Telaprevir works well for people with HIV/HCV co-infection

Liz Highleyman
02 March 2011
Mark Sulkowski of Johns Hopkins University. Photo by Liz Highleyman /

The experimental hepatitis C virus (HCV) protease inhibitor telaprevir, used with pegylated interferon plus ribavirin, produced good virological response in the first study of HIV/HCV co-infected individuals, according to interim data presented on Wednesday at the 18th Conference on Retroviruses and Opportunistic Infections (CROI), taking place this week in Boston.

Telaprevir in combination with pegylated interferon/ribavirin has demonstrated good efficacy in Phase 3 studies of treatment-naive and treatment-experienced patients with chronic hepatitis C alone. But HIV-positive people co-infected with HCV tend to respond less well to standard hepatitis C treatment and are eagerly awaiting new therapeutic options.

Mark Sulkowski from Johns Hopkins University reported interim results from Study 110, the first clinical trial of telaprevir combination therapy in HIV/HCV co-infected patients with previously untreated chronic hepatitis C.


rapid virological response (RVR)

An undetectable hepatitis C RNA viral load within 4 weeks of starting treatment. An extended rapid virological response (eRVR) is when viral load is undetectable within 4 weeks and remains undetectable until at least week 12.

Part A of the study included 13 co-infected participants who had CD4 T-cell counts of at least 500 cells/mm3 and were not yet taking antiretroviral therapy (ART).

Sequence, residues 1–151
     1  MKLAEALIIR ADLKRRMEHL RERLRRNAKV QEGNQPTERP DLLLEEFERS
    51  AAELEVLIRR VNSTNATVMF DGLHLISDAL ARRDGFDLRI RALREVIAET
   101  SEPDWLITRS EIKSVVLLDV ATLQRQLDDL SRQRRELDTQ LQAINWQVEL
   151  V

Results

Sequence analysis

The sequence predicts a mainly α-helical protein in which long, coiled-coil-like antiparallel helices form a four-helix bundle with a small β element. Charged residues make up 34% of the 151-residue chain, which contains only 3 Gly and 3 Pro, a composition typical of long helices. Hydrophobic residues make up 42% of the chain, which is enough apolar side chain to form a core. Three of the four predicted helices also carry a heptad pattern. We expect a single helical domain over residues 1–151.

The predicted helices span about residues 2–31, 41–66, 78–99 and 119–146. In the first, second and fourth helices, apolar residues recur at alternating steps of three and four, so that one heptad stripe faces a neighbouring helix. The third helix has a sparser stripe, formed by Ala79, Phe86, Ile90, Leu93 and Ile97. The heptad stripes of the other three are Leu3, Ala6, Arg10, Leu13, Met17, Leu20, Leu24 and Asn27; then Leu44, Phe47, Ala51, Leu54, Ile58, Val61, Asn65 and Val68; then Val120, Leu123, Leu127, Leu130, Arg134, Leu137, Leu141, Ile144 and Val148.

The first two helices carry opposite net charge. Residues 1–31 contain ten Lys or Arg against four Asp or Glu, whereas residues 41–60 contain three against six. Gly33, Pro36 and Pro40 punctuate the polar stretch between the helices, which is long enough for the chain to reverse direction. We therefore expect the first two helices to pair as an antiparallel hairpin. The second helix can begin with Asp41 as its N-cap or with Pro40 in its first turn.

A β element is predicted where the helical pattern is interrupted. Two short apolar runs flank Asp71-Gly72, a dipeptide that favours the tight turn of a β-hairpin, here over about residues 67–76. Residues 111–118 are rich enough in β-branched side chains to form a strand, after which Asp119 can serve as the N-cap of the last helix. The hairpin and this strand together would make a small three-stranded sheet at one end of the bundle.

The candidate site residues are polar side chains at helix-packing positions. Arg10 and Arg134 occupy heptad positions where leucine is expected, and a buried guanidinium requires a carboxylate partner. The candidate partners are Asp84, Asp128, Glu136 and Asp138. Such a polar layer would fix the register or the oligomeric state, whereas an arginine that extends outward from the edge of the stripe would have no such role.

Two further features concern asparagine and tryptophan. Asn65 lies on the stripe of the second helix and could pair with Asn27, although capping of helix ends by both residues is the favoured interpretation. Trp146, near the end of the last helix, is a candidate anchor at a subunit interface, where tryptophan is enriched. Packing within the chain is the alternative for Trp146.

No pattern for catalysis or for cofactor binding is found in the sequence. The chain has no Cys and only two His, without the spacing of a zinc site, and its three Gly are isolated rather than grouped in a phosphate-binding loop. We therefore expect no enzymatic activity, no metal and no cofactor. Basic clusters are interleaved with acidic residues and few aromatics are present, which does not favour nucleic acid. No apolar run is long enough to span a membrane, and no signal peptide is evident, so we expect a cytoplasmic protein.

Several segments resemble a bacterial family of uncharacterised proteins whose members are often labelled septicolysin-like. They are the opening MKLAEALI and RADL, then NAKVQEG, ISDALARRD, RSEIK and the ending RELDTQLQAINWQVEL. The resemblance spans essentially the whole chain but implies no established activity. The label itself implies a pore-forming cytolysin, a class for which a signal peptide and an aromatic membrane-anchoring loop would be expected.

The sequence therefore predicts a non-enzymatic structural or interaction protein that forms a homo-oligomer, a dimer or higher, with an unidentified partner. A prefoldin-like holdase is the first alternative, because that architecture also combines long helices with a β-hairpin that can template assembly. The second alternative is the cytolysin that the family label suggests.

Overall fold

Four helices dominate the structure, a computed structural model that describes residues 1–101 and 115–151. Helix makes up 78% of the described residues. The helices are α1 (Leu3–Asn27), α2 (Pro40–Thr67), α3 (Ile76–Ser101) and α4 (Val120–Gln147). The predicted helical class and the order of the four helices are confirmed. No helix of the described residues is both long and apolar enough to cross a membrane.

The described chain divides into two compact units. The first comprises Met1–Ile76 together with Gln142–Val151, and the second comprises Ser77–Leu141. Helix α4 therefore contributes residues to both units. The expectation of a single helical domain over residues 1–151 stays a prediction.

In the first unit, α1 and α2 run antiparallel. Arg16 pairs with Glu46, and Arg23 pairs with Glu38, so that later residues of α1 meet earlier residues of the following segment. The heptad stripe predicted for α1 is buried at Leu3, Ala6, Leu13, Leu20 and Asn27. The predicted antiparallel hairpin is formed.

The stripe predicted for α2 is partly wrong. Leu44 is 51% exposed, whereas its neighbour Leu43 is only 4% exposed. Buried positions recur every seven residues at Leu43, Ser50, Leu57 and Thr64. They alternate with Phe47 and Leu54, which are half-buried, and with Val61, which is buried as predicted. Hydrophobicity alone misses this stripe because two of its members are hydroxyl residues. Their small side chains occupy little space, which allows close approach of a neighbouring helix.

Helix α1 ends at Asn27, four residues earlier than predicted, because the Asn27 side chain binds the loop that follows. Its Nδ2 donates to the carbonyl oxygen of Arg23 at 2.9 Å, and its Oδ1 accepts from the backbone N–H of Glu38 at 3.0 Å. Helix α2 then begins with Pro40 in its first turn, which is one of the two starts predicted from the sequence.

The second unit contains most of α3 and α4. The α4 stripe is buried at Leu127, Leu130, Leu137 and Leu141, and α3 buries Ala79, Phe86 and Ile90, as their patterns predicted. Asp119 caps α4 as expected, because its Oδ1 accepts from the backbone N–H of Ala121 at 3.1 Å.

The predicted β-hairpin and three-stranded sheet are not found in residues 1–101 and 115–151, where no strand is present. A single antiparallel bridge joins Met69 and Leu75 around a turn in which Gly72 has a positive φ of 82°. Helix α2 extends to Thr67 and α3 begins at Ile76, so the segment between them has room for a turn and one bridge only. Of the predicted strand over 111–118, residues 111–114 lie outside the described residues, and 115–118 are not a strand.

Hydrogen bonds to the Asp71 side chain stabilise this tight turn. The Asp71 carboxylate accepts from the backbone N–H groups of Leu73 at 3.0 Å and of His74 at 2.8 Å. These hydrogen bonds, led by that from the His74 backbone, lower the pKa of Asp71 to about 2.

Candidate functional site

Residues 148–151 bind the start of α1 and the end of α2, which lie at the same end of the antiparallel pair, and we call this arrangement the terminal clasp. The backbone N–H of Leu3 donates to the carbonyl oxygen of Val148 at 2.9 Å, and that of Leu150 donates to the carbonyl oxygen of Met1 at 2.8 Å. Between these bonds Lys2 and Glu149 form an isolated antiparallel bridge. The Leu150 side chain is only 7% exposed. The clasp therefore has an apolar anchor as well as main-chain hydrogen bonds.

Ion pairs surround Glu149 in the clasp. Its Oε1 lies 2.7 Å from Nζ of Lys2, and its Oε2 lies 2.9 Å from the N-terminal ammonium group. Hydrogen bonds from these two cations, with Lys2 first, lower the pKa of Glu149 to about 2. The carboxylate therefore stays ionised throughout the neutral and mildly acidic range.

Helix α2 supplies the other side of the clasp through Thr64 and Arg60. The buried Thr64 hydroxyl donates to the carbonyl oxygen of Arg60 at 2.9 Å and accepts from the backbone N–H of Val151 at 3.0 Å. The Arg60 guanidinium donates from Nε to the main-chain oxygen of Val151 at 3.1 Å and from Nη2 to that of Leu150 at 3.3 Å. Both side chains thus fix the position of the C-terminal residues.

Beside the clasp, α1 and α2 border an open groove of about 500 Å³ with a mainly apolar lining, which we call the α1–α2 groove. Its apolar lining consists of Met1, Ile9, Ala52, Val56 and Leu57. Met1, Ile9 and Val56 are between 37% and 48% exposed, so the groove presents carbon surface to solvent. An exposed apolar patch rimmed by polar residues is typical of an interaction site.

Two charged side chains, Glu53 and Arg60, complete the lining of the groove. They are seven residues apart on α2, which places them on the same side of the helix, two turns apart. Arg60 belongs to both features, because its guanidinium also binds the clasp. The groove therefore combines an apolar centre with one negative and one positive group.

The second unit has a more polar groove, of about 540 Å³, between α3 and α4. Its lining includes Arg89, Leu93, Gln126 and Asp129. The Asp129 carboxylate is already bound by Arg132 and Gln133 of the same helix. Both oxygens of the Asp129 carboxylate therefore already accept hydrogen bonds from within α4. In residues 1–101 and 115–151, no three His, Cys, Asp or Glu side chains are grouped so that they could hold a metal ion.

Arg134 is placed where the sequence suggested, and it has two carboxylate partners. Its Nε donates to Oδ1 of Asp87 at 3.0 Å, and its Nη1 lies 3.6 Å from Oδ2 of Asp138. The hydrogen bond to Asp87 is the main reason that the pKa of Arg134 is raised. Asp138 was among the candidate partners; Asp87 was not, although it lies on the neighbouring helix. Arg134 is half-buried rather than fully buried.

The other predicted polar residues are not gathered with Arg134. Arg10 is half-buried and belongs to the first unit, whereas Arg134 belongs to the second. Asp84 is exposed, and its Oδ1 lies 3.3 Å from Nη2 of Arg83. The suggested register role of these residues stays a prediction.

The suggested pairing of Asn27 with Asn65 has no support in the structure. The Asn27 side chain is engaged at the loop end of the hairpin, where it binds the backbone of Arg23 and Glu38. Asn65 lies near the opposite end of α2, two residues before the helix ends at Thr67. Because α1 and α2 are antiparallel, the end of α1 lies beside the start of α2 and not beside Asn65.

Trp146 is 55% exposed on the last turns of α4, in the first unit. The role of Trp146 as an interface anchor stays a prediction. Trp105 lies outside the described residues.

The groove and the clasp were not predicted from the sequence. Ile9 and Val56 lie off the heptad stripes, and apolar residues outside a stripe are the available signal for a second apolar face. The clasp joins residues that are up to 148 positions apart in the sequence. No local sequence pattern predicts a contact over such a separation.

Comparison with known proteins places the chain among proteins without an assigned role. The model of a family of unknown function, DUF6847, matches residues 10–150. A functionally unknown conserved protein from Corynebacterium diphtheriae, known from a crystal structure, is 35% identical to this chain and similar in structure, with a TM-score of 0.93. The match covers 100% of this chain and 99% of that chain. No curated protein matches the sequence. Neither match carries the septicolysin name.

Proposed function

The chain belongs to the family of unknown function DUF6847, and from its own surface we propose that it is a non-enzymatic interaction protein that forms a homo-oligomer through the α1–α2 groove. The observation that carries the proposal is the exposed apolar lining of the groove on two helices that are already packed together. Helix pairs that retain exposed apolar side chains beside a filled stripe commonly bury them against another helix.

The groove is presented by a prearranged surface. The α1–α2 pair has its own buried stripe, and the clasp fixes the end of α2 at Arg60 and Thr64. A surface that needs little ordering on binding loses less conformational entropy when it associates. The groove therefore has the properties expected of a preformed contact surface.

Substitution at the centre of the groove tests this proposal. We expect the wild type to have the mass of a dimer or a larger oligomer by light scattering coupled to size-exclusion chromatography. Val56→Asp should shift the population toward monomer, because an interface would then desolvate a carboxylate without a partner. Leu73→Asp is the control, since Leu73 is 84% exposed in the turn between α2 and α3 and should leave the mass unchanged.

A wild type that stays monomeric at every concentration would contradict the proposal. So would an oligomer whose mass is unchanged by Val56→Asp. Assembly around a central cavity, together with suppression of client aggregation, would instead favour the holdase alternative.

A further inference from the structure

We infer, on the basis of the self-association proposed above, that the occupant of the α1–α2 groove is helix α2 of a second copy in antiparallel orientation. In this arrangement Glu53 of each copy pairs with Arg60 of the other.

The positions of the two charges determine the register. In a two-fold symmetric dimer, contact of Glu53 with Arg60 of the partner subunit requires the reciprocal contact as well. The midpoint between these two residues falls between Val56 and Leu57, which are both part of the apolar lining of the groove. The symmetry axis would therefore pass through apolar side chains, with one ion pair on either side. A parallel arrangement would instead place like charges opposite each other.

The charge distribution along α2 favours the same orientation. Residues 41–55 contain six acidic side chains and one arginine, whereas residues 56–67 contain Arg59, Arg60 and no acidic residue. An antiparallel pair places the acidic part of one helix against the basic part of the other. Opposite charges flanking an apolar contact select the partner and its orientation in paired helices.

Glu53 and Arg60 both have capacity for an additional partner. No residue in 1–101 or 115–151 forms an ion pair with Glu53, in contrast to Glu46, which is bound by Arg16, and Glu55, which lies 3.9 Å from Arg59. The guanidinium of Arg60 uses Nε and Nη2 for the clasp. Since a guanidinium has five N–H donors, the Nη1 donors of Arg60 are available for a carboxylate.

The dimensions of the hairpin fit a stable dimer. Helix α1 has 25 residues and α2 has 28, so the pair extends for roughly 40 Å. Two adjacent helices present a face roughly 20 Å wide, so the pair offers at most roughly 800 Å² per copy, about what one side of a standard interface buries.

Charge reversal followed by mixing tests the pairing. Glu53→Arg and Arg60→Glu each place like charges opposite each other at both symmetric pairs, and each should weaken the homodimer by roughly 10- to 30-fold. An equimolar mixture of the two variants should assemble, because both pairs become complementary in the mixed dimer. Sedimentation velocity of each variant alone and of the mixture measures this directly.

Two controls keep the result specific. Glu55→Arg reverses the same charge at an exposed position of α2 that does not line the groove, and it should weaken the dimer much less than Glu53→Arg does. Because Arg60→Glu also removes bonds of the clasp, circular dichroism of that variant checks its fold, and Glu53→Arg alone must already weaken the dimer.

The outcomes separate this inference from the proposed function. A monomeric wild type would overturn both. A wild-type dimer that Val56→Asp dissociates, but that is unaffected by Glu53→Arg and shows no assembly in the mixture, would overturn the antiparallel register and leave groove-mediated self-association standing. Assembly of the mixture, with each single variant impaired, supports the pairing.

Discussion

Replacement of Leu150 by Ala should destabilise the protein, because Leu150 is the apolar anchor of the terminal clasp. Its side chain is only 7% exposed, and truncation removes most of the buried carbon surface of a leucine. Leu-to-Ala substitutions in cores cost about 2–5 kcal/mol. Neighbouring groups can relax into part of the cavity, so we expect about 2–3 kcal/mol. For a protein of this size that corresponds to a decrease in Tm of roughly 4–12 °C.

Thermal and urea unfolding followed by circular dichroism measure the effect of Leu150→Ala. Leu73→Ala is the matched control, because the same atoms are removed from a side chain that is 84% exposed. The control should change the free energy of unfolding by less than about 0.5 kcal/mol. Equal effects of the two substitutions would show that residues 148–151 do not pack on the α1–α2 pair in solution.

Part B included 46 people with CD4 counts of at least 300 cells/mm3 who were on ART consisting of either efavirenz (Sustiva or Stocrin, also in the Atripla co-formulation) or atazanavir (Reyataz) plus tenofovir and either emtricitabine (Emtriva) or lamivudine (Epivir). All patients on ART had suppressed HIV viral load below 50 copies/ml.

Across the groups most participants were men, with an average age of 46 years. More than half the patients in Part A were black – a population that does not respond as well to interferon-based therapy – but this fell to less than one-third in Part B. Most had high HCV viral load, another predictor of poor treatment response, but only about 10% had bridging liver fibrosis or cirrhosis.

In both parts of the study, participants were randomly assigned to telaprevir or placebo arms.

In the active drug arm, patients took telaprevir with 180 mcg per week of pegylated interferon alfa 2a (Pegasys) plus either 800 mg per day or weight-based ribavirin for 12 weeks, followed by pegylated interferon/ribavirin alone through to week 48. Participants in the control arm received standard-of-care therapy consisting of the same doses of pegylated interferon and ribavirin for 48 weeks, along with a placebo during the first 12 weeks.

As discussed in another presentation on Tuesday, telaprevir has modest drug-drug interactions with some antiretroviral drugs. Based on pharmacokinetic studies in healthy volunteers, atazanavir and efavirenz were judged to be the most suitable HIV drugs for use with telaprevir.

Telaprevir slightly reduces blood levels of atazanavir, but no dose adjustment was considered necessary.

Participants in Study 110 using atazanavir-based ART received 750 mg telaprevir three times daily, the same dose used in monotherapy studies. Since efavirenz more strongly lowers telaprevir concentrations, participants using efavirenz-based ART received a higher telaprevir dose of 1125mg three times daily.

Overall, in an intention-to-treat analysis of rapid virological response (RVR) at week 4, 70% of participants taking telaprevir achieved undetectable HCV viral load, compared with just 5% in the placebo group.